Gawker votes ‘yes’ on union

Organized labour at digital media company could be start of trend

Gawker Media has gone union. About 120 workers at the digital media outlet, headquartered in New York City, voted 75 per cent in favour of joining the Writers Guild of America East (WGAE) union on June 3 — making it the first major online-only organization with a union shop.

In a post published on Gawker's website under the banner "Why we’ve decided to organize," senior writer Hamilton Nolan wrote "Every workplace could use a union."

It’s a sentiment mirrored across many of Gawker’s editorial staff, he said.

"We have a lot of lefties working here and a lot of people were probably positively disposed to labour organizing from the start," Nolan said in an interview, adding the campaign was relatively well-received by management.

What the writers sought was the establishment of a wage scale, a severance-pay system and proven workplace communication — provisions Nolan said would be effective industrywide, and that he hopes will serve as a blueprint for like media companies.

"There are other places in this industry where pay is extremely low, work hours are extremely long; there’s very little division between working and not working, sort of an always-on atmosphere.

"There are places in the new media industry that are more or less notorious for low pay and poor working conditions and using younger workers as chum, basically," he said.

"Hopefully, that’s the kind of thing, across the industry, that unions could address."

Domino effect?

In the United States, private sector unionization fell to 6.6 per cent in 2014, according to the Bureau of Labor Statistics.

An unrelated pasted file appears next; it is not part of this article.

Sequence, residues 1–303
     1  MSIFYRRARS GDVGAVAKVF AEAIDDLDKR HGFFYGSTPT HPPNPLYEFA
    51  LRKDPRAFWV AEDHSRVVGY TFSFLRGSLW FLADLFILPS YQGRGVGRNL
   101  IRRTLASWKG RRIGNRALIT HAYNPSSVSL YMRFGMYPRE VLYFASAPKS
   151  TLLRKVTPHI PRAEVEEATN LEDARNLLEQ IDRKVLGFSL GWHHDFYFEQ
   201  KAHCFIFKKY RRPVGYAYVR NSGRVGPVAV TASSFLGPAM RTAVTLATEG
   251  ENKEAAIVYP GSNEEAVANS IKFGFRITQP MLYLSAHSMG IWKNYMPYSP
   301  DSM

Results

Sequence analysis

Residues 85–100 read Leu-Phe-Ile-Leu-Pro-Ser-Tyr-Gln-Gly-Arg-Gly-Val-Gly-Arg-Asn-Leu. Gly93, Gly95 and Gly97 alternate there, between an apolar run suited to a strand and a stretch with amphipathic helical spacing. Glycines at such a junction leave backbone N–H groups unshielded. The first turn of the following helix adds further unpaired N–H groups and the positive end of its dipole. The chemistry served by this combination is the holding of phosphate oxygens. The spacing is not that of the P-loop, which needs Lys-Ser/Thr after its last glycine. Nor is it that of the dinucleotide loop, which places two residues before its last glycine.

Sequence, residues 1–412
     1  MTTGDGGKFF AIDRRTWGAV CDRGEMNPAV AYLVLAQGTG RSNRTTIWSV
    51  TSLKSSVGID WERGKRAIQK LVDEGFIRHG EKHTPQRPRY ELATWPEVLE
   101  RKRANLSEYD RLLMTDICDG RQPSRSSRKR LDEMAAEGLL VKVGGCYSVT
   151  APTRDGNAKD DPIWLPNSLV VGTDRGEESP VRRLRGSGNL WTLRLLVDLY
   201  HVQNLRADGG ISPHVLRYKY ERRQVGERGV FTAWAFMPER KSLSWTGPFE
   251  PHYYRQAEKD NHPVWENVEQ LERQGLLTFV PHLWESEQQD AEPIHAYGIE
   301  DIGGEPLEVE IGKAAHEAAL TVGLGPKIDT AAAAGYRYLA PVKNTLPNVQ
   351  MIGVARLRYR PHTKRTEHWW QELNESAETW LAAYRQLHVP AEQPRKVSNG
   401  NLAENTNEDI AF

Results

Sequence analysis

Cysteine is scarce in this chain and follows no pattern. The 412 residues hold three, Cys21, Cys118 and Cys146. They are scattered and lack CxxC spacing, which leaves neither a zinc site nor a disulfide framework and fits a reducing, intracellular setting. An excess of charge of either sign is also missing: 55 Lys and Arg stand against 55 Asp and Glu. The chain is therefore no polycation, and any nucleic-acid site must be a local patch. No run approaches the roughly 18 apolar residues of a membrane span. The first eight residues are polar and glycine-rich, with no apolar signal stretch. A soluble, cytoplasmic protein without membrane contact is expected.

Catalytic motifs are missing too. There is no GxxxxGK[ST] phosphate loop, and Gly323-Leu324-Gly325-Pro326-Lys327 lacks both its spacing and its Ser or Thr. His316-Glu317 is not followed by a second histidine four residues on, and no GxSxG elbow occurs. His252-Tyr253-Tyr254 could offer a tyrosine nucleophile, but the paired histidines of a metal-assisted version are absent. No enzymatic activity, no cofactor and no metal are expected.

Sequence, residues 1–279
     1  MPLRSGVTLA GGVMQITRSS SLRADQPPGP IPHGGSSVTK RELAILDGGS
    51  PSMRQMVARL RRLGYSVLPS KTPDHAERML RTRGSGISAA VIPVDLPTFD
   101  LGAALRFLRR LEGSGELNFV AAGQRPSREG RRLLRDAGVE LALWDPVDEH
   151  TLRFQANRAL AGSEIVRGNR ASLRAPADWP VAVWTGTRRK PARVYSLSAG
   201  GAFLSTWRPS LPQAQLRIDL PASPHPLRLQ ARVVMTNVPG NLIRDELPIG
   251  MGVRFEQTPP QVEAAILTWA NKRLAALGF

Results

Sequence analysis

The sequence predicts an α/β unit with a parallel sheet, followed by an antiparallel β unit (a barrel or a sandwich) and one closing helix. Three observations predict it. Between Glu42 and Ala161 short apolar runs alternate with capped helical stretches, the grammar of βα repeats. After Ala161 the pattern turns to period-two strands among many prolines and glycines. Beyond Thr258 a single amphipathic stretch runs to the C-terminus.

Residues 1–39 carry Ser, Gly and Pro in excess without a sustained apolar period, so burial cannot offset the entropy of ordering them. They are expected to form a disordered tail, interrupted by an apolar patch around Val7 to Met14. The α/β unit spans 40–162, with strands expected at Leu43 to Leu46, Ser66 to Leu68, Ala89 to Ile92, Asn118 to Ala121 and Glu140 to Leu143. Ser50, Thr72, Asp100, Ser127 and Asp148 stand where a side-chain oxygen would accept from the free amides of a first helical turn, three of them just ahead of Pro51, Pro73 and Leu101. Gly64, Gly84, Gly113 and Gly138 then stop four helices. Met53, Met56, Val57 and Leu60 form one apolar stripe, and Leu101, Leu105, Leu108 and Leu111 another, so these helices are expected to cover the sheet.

As such, unions have been ramping up efforts to recruit membership from new media companies. Whereas unions have long been entrenched in journalism, inroads are now being made to adapt to a changing industry.

For instance, the WGAE launched a project devoted to digital media six years ago. Reporters at Politico, a Washington, D.C.-based online and print publication, are gearing up for their own organization effort.

The National Labor Relations Board even introduced changes to representation rules to speed up the union election process, which came into effect in April.

Here in Canada, Unifor unionized workers earlier this spring, though online writers were included in the bargaining unit alongside print and broadcast journalists at QMI Agency (now Postmedia).

That Gawker is poised to become one of the first wholly digital media companies with a union could herald a sea-change for the industry.

Lowell Peterson, executive director of WGAE in New York, noted the union is a way for digital-first employees to establish an independent voice.

"There was some concern that this was all about aggregation… that there’s no way to create compelling journalism online, and to make it work financially or creatively. And I think that’s changed.

"There’s definitely sustainability and Gawker, in some ways, is the best example of a sustainable digital media model," he said.

"The people who work in digital media — including people who have always worked in digital media, they didn’t come over from print or broadcast — they’re looking at this and saying, ‘This is a career, how do I make sure that this is a sustainable career?’ And that’s where we come in."